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Woodward Wednesday, 17 June, 1998, 13:54 GMT 14:54 UK
Parents go back to court
A balloon saying 'welcome home Louise' in Elton, Cheshire
Villagers in Elton, Cheshire are preparing for Woodward's return
The parents of the baby killed while in the care of the British au pair Louise Woodward are launching a court action to stop her profiting from her story.

But supporters of the British au pair say she should be allowed to tell her version of events.

Lawyers for the parents of Matthew Eappen, the baby Woodward is convicted of killing, will go to court on trying to bring a civil suit against her.

Mr and Mrs Eappen are also seeking more than 75,000 in damages for the loss of their son.

Woodward was freed on Tuesday after her appeal in Boston against her conviction for killing Matthew. She is preparing to come home to Elton, Cheshire after legal formalities are completed.

The legal action in the US District Court by Drs Sunil and Debbie Eappen seeks initially to stop Woodward from making any money from her 16-month ordeal.

The Eappen family in court during the trial
The Eappens: want profits for foundation
Earlier on Tuesday, the couple refused to comment to the media after a Supreme Court ruling allowed Woodward to go free.

But Paul Spellman, uncle of Matthew Eappen, said the family were setting up a foundation in the child's name to highlight child abuse.

He said: "If you look at the wrongful death suit, you will understand that it's filed for one reason only, to prevent her profiting from a horrible situation.

"We are simply trying to put the funds to a good use, a good cause to prevent child abuse."

Legal experts are questioning whether an order to stop Woodward profiting from her story would be enforceable in the UK.

However, any British newspaper which paid Woodward could fall foul of Press Complaints Commission regulations which say convicted criminals should not profit from their crimes.

Barry Scheck, Woodward's chief defence lawyer, denied that his client had ever tried to profit from the death of Matthew Eappen by selling her story to a newspaper or film company.

He said her only interest was to fight on to clear her name.

In Woodward's home village of Elton, Cheshire, Sandra McCabe, of the Louise Woodward Support Group, said the au pair should tell her side of the story.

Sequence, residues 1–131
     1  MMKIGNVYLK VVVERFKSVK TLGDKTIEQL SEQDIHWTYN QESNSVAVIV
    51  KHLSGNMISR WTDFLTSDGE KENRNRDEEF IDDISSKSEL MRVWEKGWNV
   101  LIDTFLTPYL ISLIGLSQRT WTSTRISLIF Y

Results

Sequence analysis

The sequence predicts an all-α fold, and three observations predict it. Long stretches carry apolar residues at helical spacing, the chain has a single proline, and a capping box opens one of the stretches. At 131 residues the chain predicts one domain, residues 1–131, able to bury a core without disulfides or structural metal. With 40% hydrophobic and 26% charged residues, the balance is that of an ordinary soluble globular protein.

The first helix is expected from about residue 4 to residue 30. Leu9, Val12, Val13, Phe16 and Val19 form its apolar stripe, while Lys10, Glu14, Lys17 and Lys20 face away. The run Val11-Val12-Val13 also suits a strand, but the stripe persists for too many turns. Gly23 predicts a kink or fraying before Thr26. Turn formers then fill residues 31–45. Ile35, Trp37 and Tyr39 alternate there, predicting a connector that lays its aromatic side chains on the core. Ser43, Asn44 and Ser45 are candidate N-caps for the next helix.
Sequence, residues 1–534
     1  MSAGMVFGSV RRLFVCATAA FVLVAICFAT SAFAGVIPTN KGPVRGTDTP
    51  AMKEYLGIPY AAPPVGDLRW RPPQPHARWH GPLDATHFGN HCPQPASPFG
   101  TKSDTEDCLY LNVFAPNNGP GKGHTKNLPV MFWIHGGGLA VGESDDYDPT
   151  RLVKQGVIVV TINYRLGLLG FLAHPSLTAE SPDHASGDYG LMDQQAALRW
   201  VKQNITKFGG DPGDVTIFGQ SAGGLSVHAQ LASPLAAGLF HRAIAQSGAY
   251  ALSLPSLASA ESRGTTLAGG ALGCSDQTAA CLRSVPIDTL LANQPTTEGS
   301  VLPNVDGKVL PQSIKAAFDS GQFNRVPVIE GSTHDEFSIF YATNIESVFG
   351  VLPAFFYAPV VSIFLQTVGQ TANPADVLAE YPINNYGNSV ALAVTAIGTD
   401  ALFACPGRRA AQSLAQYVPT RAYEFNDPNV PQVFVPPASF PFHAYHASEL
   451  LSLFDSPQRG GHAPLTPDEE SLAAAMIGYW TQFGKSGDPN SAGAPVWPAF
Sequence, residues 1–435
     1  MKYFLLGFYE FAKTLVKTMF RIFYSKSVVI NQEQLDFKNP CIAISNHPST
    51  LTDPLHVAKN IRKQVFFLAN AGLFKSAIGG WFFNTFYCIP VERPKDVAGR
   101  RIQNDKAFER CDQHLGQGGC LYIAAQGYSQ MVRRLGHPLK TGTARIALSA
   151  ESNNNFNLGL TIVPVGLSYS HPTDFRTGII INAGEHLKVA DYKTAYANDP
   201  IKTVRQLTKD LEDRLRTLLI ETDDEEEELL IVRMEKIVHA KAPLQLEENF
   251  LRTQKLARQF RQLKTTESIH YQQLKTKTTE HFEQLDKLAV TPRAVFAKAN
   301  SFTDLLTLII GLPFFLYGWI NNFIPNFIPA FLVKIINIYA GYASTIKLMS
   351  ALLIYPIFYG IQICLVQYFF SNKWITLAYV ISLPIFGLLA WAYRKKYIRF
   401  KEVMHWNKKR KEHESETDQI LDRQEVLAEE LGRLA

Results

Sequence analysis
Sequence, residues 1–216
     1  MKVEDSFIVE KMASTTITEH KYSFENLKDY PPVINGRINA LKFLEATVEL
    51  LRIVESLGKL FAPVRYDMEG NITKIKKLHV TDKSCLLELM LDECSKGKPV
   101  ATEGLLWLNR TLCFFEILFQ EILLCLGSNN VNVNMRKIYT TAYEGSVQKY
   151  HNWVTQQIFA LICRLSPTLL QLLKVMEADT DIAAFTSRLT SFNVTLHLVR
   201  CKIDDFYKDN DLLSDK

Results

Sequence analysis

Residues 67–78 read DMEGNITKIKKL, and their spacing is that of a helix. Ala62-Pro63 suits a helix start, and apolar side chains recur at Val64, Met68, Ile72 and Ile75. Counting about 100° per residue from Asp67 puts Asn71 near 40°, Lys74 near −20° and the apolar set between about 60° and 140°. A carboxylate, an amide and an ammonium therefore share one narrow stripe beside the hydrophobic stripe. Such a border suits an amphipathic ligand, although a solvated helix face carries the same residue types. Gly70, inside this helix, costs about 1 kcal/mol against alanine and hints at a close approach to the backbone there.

"I do feel Louise needs to tell her side of the story. For profit? I don't know," she said.

On Tuesday, the Supreme Court in Massachusetts ruled that the judge in Woodward's trial was right to quash the jury's second degree murder verdict and replace it with one of manslaughter.

Louise Woodward in handcuffs
Woodward: no more handcuffs
By four votes to three, they upheld Judge Hiller Zobel's "time served" sentence of 279 days imposed on Woodward.

But one of the seven judges described Louise Woodward as a "convicted felon" who should never be allowed to work with children again or profit from her experience - a recommendation which may have spurred on the Eappen family.

Speaking for the Woodward family, lawyer Paul Barrow said he hoped the 20-year-old would be home in Britain before the weekend.

"(The family) would like to express initially their relief that Louise's ordeal has finally come to an end," he said.

"Louise will continue to maintain her innocence and a statement in fact has already been made by her American lawyers a short time ago, stating the injustice that they consider she has suffered.

"It is the family's dearest wish that they be reunited again as soon as possible and once certain procedural matters in the US have been resolved, Louise will be returning to this country."

BBC News
Paul Spellman: "We want the money to go to a good cause"
BBC News
Kirsty Wark of BBC's Newsnight looks back on the Woodward case
BBC News
Jane Hughes reports from Boston: "The talk is of little else"
BBC News
Sandra McCabe says Woodward should be heard
See also:

16 Jun 98 | Woodward
16 Jun 98 | Woodward
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